But that’s not the point. The point is to illustrate a moment when a large group of fans wanted something different from a championship. We didn’t, in that moment, care so much about winning.

I think a lot about why I follow baseball. Why I care. There are a lot of reasons I won’t go into here. And sure, more than a little bit of it is because my favorite team won a championship when I was 10 years old. And yes, part of why we all loved Larkin is because he was integral on that team. You’ll never hear me claim that I don’t want a championship.

But what I don’t want is ruthlessness. I don’t want pursuit of the championship at the cost of connection. Jerry Seinfeld had a bit about how we’re all just rooting for laundry. It’s true enough, but he’s also a famous Mets fan. And so he knows, we’re also rooting for memory. And we’re rooting for the guy who’s been there forever and for the likable new kid who’s just come up. We’re rooting for story. We all want a good story and we all want a happy ending.

I teach writing, and one of the things I tell my students when they are writing stories is that plot matters a lot. Things need to happen. But if the reader doesn’t care about the characters, then they won’t care about what happens. They’ll get bored.

This is really what I’m writing about. If our favorite teams cast off players constantly because it made good business sense, because it would help the team win – if they constantly pulled in new, young, skillful automatons who brought championship after championship – I think it would be boring. I think a lot of us would stop caring.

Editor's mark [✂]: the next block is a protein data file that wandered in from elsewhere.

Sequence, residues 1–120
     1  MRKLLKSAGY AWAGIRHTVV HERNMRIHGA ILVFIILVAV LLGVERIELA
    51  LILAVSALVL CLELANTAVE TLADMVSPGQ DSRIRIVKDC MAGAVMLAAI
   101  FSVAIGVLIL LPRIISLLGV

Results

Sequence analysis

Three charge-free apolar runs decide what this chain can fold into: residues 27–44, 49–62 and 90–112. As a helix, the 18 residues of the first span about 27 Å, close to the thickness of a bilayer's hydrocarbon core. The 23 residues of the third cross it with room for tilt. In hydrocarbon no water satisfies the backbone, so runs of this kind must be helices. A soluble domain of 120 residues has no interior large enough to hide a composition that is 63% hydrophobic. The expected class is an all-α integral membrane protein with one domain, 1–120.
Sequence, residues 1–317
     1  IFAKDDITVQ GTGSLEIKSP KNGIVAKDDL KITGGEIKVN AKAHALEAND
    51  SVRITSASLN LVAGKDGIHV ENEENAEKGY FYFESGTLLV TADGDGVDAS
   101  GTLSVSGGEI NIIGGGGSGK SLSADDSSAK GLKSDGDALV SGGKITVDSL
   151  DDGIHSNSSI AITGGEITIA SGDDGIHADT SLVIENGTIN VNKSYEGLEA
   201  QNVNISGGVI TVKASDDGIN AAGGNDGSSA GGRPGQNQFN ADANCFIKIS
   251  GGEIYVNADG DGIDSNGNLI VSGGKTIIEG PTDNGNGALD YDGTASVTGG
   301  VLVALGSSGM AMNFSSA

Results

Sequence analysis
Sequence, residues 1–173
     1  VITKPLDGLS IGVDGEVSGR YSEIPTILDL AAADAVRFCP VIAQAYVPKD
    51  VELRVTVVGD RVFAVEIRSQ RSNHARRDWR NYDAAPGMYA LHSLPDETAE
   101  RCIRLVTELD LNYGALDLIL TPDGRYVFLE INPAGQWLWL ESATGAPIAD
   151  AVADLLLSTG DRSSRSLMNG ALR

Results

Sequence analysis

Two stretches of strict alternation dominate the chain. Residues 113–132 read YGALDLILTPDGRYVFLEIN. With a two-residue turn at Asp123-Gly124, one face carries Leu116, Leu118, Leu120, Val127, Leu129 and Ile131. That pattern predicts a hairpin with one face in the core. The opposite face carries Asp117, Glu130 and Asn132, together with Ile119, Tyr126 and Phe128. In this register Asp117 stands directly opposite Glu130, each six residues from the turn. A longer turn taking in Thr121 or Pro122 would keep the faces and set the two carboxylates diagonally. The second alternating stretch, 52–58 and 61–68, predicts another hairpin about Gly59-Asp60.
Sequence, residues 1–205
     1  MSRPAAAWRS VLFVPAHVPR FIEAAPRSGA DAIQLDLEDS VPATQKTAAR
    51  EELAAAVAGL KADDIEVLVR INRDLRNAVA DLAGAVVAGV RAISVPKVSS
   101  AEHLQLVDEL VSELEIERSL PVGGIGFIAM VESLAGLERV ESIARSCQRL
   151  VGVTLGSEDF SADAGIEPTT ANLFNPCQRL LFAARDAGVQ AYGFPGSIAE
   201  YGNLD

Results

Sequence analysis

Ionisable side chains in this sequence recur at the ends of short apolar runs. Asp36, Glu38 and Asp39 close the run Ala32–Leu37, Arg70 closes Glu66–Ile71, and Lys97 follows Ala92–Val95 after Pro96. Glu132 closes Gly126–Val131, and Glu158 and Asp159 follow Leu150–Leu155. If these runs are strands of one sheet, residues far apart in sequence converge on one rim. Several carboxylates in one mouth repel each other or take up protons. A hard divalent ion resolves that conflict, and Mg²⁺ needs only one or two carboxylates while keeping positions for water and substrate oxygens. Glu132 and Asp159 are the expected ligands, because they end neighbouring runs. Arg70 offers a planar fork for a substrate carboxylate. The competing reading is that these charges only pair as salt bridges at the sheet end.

The epigraph at the top is from a poem called “After Apple-Picking.” It’s about a man who spends his whole life in pursuit of wealth only to find that he feels his life has been wasted. At least that’s the one-sentence explanation of it. Head over heart.

A friend of mine who cheered a recent extension told me not long ago that his heart had been ahead of his head. The way he said this made it clear that he believed this was the wrong way to go. He should have thought more. Felt less. But I don’t know. That doesn’t seem like much fun to me.

I don’t want to win every year if it comes at the expense of feeling. I don’t want a story with no characters. I want my team to win a championship often enough that it always feels like a possibility. Often enough that all the fans who’ve gotten to high school can remember one.

Baseball, if it works like it should, can be part of a good life. It can be about more than winning. If you stay a fan your whole life, it has to be about more than that because no one has figured out how to beat the game yet (and how many of us really want them to?). Pick your apples, sure. But stop sometimes. Climb down from the tree. Take a walk.